Asustek Computer, the world's largest motherboard maker and developer of the popular Eee PC line of netbooks, slashed its fourth quarter shipment outlook on Thursday, citing slower than expected demand for its products.
The announcement comes just a day after chip giant Intel and PC vendor Lenovo made similar downgrades to their fourth quarter views and shows how global financial woes are hurting the PC industry.
Asustek said its motherboard shipments likely fell 20 percent in the October to December period, down from a previous estimate of a 10 percent decline in the quarter. Motherboards go into every PC made. They're the circuit boards that connect all of the chips and other components inside a computer.
Sales of Asustek's Eee PCs also suffered in the fourth quarter. The company revised down its shipment target for the netbooks to 1.4 million to 1.5 million from a previous estimate of 1.6 million to 1.8 million.
Analysts had earlier said netbooks may be immune to the downturn due to their low prices, but Asustek's announcement trumps that message.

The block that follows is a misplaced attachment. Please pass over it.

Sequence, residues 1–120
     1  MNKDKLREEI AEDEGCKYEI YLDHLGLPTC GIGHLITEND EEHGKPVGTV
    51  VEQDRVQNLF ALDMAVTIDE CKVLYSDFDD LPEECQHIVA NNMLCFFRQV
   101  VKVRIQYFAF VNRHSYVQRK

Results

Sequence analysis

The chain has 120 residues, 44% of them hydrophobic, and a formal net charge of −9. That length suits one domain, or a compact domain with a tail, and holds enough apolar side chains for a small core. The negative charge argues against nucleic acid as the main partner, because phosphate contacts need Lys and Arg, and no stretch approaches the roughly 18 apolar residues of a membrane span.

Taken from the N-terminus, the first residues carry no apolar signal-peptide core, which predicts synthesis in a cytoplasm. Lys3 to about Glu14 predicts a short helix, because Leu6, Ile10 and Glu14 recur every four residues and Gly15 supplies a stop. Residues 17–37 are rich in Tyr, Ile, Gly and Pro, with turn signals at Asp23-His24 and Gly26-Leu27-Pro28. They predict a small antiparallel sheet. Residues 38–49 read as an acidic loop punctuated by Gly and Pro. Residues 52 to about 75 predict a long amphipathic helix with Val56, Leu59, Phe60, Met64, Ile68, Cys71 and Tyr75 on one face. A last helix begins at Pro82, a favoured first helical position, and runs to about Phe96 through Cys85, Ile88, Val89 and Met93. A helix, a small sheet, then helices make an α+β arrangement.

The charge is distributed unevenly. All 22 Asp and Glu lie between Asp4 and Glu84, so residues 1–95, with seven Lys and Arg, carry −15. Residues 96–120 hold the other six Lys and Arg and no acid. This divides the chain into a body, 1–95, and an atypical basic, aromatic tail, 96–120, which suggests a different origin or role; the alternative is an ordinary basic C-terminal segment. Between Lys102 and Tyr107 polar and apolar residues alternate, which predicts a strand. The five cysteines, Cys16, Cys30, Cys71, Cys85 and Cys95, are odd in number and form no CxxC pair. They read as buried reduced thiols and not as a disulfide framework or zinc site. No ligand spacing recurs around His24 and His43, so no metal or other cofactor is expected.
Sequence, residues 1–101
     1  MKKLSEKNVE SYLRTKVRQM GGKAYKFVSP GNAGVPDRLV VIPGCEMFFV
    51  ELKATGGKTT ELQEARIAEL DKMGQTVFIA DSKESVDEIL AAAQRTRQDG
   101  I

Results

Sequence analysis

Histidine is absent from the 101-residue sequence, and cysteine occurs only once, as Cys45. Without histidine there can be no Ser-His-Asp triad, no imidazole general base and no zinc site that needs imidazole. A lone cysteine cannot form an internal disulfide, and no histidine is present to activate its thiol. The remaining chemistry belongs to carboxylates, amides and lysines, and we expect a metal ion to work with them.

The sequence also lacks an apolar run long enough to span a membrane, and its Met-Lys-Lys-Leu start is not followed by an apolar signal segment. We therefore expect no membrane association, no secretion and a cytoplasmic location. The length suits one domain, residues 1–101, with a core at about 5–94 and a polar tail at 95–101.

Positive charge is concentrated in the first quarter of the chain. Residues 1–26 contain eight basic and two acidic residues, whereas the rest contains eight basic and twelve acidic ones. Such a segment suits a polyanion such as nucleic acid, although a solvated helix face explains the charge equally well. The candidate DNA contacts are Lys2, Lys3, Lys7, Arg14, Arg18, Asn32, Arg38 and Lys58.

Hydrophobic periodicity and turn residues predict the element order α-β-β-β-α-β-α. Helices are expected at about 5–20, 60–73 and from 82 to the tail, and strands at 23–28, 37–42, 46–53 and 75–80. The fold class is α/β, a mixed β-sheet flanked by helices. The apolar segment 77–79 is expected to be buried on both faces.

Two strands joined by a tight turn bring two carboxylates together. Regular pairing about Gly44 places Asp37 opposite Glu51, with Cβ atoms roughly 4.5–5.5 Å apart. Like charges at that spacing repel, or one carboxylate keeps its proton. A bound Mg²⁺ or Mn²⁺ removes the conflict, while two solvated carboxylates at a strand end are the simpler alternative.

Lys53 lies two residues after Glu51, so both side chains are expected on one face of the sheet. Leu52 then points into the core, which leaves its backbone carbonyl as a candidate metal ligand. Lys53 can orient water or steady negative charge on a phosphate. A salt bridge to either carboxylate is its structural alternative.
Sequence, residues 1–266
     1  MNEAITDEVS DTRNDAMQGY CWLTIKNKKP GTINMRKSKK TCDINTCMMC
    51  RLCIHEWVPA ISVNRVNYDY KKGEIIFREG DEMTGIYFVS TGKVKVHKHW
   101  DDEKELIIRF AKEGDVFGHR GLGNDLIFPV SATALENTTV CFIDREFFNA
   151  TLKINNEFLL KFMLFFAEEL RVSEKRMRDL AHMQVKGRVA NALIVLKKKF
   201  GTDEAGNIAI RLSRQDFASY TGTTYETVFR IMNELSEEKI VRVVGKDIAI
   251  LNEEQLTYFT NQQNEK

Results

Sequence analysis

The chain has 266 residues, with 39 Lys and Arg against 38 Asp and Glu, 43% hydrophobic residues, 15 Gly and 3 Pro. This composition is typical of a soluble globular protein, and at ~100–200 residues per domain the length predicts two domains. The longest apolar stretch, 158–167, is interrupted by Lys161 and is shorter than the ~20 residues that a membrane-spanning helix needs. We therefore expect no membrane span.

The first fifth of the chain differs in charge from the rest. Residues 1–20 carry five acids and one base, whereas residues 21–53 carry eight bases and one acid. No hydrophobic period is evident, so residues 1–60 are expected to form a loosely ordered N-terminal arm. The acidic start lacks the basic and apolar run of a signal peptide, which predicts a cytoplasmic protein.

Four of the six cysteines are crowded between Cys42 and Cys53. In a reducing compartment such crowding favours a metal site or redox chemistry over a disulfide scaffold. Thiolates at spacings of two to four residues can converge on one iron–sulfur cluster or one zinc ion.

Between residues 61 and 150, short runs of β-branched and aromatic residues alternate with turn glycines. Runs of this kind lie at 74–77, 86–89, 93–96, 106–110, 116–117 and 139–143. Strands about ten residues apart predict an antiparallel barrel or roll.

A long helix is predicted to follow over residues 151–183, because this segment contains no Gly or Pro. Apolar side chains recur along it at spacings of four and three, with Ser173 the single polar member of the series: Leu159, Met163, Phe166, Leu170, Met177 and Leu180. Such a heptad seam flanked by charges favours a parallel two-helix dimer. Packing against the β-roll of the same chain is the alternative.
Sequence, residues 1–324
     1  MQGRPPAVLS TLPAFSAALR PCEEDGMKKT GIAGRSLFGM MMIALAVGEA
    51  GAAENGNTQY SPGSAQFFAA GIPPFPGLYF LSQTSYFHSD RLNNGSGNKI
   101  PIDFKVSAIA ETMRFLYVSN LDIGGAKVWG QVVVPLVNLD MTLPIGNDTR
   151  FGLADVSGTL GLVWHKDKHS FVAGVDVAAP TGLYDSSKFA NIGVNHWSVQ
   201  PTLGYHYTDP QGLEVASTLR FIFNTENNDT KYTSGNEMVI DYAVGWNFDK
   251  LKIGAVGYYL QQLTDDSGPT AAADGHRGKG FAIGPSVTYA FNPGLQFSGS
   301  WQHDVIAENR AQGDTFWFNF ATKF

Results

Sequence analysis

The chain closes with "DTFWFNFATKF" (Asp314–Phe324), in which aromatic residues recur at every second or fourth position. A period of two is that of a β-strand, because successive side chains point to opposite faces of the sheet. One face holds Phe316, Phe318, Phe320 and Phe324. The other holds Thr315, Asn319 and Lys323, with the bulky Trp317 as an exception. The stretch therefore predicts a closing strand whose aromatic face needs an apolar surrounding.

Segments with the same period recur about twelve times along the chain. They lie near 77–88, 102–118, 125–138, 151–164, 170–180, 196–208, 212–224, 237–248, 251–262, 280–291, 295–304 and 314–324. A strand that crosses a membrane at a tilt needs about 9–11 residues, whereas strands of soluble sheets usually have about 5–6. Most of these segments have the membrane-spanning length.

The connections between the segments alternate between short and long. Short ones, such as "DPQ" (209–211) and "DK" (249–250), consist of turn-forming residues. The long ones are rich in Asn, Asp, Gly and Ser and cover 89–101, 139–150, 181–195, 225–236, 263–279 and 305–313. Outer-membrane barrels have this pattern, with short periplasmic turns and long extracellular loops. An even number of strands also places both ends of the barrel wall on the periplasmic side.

Sales of notebook PCs carrying the Asustek name also fell short of previous guidance. Asustek's laptop shipments will likely come in at between 1.5 million and 1.6 million units, down from prior guidance of 1.7 million to 1.9 million units.
The company now expects its financial results for the full year 2008 to be lower than expected, it said in a statement.
The company blamed a worse than expected slowdown in laptop sales for much of its woes, but also said it was caught holding high inventories of laptop and monitor components. Changes in global currency exchange rates have also hurt, as has a poor pricing strategy, Asustek said.
Asustek plans to review its workforce for possible cuts and look elsewhere in the company for ways to reduce costs, including lowering inventory levels.
On Wednesday, Intel revised down its fourth quarter revenue estimates to a worse than expected US$8.2 billion, down 20 percent from the previous quarter. The world's largest chip maker also said it will take higher than expected losses on certain investments, including a write-down of its investment in WiMax operator Clearwire.
PC vendor Lenovo also on Wednesday outlined plans to restructure its business in the face of the downturn, including laying off 2,500 workers, slashing executive salaries and taking a US$150 million restructuring charge.